Ben de Pear at Channel Four says: "We try to get a woman on where we can but we often find when we call up women and the woman might recommend a man. They are much less pushy to get themselves on television. Most blokes just say yes." 

    Ben de Pear

    "Women realise [the opportunity] but they are concerned more they are the right expert for the subject matter."

  28. 'Need to work hard to reach women'

    Fran Unsworth, the deputy director of news and director of the World Service Group at BBC News, said the media had to work hard to reach out to women.

    The panel

    "It's about ensuring your editorial output is doing the stories which are of interest to women. You can argue the news is the news but there is an argument to what constitutes news.

    "For an example there was a story about access to toilets in India and these are important stories."

  29. Your thoughts

    Here is a snapshot of your words so far during the debate in London. Should we all go and live in Denmark?

    Word cloud
  30. 'People like to see real women'

    Paula Escobar, runs Empresa Periodista, a group of magazines in Chile, and she launched a campaign against the use of Photoshop.

    Her magazine does not use Photoshop to slim or enhance images.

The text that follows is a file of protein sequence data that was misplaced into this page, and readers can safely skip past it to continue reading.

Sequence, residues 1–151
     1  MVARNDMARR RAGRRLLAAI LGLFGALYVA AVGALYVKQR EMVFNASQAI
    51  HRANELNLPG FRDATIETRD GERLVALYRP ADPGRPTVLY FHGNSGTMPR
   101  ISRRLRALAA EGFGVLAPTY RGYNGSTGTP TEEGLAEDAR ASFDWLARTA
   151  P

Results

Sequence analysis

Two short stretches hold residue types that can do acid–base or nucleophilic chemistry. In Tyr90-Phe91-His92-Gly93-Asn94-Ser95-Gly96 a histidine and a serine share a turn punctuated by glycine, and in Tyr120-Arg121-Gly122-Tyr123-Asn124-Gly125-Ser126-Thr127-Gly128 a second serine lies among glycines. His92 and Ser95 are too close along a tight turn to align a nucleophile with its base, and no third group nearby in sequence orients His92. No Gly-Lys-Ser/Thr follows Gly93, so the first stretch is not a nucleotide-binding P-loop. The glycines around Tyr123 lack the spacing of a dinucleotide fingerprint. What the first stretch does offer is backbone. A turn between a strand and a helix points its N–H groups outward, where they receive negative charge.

She said: "We decided to not use Photoshop - this campaign created an enormous impact."

    Paula Escobar

    "They told me 'you're crazy, you're going to lose advertisers and readers because women want to see stories about ideal women' but it is not real.

    "People like to see real women of different ages."

  31. Women don't make news 'unless they are dead'

    Facebook

    Thanks to Gabby Carr on Facebook who bought up a sad facet up of news reporting on our 100 Women page.

    She says women don't make the news "unless they are dead".

    "Not only does it make for sad reading it also promotes fear in a 'lock up your daughters' kind of way."

  32. 'Create the opportunity'

    Kate O'Brian says: "Create the opportunity to be what is seen - or read - which will then influence some at home to say 'I can do that job'."

  33. 'Get the broads out'

    Al Jazeera's Kate O'Brian says: "There are strong numbers of women coming in but it is getting in to the top levels where it has not traditionally been a welcoming area for women."

    Kate O'Brian

    "When I started the joke was 'get the broads out of broadcasting'. There were only men."

  34. Low representation 'leads to lack of engagement'

    Yasmin Ahmed, a British law student and activist, said the lack of senior women in senior positions meant women were not represented in the media.

    She said: "Women from minority backgrounds are not represented in the lower levels and this has a strong correlation with a lack of engagement with those communities." 

    Yasmin Ahmed